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West Nile Virus

Since the introduction of West Nile Encephalitis into the US, there have been nearly 6,000 humans infected with the virus, of which 557 cases have been fatal.


West Nile Virus is a flavivirus commonly found in Africa, West Asia and the Middle East. In recent years, West Nile virus has emerged in North America, presenting a threat to humans, birds, horses and some other mammals. The virus generally produces flu like symptoms. However, the most serious manifestation of West Nile virus infection causes fatal encephalitis (inflammation of the brain) in humans and horses, as well as mortality in certain domestic and wild birds.


In 2003 alone, 9388 West Nile cases and 246 deaths were reported to the Center of Disease Control. CDC statistics revealed 6452 cases (69%) were reported as West Nile fever (milder disease), 2773 (30%) were reported as West Nile meningitis or encephalitis (neuroinvasive disease) and 163 (2%) were clinically unspecified. Source: Centers for Disease Control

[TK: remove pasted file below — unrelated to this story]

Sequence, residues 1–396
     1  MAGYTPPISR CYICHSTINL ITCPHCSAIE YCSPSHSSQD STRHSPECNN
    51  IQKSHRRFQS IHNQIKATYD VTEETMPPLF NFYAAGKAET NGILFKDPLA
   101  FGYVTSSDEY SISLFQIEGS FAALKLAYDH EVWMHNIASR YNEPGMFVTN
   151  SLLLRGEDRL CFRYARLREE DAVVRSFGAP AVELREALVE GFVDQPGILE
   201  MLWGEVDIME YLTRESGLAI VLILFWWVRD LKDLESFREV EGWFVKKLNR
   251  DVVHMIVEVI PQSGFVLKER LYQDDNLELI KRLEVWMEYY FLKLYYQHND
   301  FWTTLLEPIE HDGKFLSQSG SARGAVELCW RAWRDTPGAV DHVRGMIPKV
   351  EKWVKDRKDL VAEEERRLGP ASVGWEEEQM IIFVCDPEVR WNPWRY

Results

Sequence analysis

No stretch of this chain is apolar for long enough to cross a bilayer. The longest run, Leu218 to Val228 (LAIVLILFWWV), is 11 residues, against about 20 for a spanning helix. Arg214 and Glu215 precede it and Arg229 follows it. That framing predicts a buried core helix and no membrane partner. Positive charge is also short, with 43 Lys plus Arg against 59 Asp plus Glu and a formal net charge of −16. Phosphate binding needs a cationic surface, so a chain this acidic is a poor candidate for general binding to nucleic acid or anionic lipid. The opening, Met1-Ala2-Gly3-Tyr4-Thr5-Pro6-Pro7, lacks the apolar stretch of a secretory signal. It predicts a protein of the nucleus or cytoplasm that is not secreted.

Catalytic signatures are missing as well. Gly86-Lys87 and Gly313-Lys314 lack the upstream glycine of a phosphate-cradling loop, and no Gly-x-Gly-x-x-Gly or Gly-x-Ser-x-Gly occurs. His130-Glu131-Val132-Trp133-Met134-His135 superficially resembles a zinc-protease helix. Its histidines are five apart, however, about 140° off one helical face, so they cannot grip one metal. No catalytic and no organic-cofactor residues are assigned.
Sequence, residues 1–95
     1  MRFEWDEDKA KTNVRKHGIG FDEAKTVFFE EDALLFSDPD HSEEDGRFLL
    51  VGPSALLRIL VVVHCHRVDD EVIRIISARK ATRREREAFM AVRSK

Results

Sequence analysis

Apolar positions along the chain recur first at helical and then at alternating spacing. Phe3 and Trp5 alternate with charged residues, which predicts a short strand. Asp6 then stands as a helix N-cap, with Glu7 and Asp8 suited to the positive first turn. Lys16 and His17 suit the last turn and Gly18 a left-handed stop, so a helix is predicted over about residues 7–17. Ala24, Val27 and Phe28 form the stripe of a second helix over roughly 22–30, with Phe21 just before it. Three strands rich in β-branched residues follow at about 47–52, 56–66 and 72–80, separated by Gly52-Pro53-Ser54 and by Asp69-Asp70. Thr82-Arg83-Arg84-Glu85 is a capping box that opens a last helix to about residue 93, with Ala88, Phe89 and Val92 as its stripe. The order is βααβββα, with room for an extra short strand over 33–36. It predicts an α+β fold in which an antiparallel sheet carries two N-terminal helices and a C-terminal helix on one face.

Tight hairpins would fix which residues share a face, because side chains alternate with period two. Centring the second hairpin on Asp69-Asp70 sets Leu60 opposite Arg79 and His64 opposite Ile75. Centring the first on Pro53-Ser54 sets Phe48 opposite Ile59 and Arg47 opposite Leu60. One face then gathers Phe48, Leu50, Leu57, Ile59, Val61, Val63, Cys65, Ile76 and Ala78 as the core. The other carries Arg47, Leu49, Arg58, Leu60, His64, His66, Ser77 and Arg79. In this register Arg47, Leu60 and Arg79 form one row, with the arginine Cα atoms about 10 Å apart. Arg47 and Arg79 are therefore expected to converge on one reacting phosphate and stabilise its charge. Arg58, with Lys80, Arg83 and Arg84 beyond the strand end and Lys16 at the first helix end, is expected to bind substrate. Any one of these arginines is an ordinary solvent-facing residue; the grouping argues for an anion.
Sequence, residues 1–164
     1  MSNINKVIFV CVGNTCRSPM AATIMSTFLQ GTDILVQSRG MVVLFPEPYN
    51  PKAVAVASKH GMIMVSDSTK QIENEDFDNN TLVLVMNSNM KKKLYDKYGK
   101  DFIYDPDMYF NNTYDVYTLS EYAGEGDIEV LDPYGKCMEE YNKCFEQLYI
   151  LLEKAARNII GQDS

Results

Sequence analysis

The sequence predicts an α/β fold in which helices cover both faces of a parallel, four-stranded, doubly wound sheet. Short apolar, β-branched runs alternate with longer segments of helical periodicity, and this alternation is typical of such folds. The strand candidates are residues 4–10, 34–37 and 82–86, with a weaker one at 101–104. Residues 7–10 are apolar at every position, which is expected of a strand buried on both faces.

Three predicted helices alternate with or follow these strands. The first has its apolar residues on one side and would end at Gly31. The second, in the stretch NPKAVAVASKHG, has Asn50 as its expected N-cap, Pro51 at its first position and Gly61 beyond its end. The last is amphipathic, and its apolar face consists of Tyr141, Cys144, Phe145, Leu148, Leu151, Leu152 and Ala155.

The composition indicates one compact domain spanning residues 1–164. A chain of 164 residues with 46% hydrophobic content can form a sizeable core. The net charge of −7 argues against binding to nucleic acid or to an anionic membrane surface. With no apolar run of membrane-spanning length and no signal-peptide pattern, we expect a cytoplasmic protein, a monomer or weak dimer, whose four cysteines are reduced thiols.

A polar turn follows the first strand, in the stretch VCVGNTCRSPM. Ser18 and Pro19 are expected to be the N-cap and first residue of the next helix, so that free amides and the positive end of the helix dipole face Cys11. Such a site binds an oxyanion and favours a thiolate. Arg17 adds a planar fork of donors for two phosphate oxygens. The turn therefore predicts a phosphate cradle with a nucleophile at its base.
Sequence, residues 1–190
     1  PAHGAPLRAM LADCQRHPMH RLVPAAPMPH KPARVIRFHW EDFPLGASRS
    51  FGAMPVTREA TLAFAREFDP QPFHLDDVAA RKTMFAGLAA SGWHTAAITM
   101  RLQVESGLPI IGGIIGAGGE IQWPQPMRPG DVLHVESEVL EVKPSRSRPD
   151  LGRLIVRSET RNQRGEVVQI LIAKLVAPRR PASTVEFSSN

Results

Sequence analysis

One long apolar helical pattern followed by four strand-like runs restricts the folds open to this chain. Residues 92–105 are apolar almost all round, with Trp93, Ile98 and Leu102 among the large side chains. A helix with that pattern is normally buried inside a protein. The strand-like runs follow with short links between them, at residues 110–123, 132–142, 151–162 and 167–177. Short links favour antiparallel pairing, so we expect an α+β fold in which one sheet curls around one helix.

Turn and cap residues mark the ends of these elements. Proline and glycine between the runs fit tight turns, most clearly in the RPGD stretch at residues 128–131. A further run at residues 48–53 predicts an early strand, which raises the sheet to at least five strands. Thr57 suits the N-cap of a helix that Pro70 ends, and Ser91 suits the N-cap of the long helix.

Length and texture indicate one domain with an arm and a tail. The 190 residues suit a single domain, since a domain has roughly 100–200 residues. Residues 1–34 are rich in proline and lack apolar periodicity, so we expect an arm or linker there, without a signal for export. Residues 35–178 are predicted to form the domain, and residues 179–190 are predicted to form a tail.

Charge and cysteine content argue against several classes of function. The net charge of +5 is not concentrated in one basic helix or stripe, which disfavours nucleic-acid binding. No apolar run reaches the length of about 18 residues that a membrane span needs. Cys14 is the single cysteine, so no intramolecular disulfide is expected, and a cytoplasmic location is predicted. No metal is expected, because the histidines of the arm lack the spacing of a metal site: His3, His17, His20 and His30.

2006 West Nile Virus Activity in the United States


west nile map

West Nile virus is transmitted to humans through mosquito bites. Mosquitoes become infected when they feed on infected birds that have high levels of the disease in their blood. Infected mosquitoes can then transmit the virus when they feed on humans or other animals. Currently, there is no specific treatment for West Nile virus infection or vaccine to prevent it.



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